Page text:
Nanuku’s modern take on Fijian cuisine
Outside of the Food Safari, Nanuku homeowners and guests have daily opportunities to experience Fijian food through the resort’s regular offerings.
Daily changing menus feature innovative dishes and drinks where exotic Fijian ingredients have been reworked in interesting and creative ways that are an easier entry point for those not familiar with Pacific Island cuisines. These dishes appear alongside more familiar Western staples allowing you to journey between comfort and culinary thrill-seeking depending on how you feel.
The use of Fijian ingredients in new ways extends to Nanuku’s beverage offerings as well. A trio of vintage glass dispensers at the resort bar houses spirits infused with local ingredients: there’s kava-infused vodka, vesi or ironwood whiskey, Nanuku masi (paper mulberry) rum. For tee-totallers, there’s iced hibiscus petal tea made from flowers grown on the resort’s lush grounds, and a delicious fresh ginger lemonade with honey.
The resort recently welcomed talented new executive chef Oliver Scarf, who cut his teeth with a stint at the iconic Laucala Resort and several highprofile luxury hotels and resorts in his native New Zealand.
Already recognized within Fiji and world-wide for the extremely high quality of its award-winning cuisine, Nanuku Auberge Resort has taken a quantum leap forward with Scarf’s appointment. Under his guidance,
Nanuku’s renowned dining experiences easily place it in the Top 5 Resort Dining Experiences in Fiji.
About Nanuku Auberge Resort Fiji
In addition to being a foodie’s paradise, Nanuku Auberge Resort immerses homeowners and resort guests in the rich culture of Fiji with enriching activities for all ages, taking advantage of its prime spot near Fiji’s Adventure Capital, Pacific Harbour. Nanuku is part of Auberge Resorts Collection, a boutique hospitality company with glamorous five-star properties in the United States, Mexico, Costa Rica, Nicaragua, and British West Indies — and more being added all the time. Auberge’s world-class hotels, spas, resorts, and residences express the natural beauty of their surroundings and share intuitive, gracious service. More information about the resort is available at nanuku.aubergeresorts.com.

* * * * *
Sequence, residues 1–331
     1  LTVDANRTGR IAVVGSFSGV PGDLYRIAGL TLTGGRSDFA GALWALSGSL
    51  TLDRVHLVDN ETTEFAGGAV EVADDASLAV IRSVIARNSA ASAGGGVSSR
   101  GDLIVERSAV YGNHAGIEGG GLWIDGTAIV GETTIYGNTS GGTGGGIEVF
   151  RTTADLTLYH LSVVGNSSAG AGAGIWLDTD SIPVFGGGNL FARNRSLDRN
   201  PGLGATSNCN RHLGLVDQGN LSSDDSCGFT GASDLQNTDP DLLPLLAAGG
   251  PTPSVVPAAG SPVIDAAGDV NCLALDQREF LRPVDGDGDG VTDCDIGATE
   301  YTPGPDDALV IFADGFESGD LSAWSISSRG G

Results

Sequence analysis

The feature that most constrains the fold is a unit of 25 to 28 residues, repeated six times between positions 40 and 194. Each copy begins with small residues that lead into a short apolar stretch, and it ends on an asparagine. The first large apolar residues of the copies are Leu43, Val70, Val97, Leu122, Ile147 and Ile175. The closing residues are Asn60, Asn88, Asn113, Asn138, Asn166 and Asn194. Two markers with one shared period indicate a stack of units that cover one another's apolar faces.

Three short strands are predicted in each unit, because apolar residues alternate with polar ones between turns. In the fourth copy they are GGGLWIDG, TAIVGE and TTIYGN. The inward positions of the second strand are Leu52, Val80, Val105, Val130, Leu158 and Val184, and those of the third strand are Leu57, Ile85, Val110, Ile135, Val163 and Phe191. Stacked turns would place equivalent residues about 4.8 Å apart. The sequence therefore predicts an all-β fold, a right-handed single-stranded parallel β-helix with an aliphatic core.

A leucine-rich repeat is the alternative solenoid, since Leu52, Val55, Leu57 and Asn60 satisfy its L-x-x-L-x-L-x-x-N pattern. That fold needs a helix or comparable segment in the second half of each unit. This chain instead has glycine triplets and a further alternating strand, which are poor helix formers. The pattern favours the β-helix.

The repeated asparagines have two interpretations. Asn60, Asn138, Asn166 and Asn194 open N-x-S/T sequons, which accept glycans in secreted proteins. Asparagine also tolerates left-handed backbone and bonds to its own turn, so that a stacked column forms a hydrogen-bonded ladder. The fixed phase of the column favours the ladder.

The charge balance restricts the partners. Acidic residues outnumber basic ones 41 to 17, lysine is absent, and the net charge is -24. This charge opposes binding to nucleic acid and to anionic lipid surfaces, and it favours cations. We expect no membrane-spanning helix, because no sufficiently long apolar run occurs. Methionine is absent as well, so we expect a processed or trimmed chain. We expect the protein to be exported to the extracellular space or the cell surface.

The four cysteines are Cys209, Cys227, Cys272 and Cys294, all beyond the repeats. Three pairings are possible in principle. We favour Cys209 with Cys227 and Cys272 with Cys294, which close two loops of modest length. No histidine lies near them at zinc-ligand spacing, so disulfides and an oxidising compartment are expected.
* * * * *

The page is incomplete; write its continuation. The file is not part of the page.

Make Nanuku Home
For those who would like to own a home at Nanuku, their real estate company has several whole ownership (freehold) options for you. Build ready land, low maintenance lock-and-leave villas, and impressive estates are all available for purchase on Nanuku’s wide beachfront. For more information on real estate offerings and living the Nanuku lifestyle, visit NanukuFiji.com
Kokoda (Fijian Ceviche)
Yields 4 appetizer servings
500 grams walu
200 milliliters lemon juice
Salt to taste
1 red onion, finely diced
4 tomatoes, seeds removed and diced evenly
1 bongo chili, finely diced
Coriander, finely chopped
Cream of 3 coconuts
Spring onion, chopped
Cut the walu into ½-cm cubes. Marinate prepped walu with lemon juice and a couple of pinches of salt. Leave for at least 4 hours at room temperature. Once the fish is cured, strain and give it a wash.
Mix the rest of the ingredients with the marinated walu, adjusting the seasoning.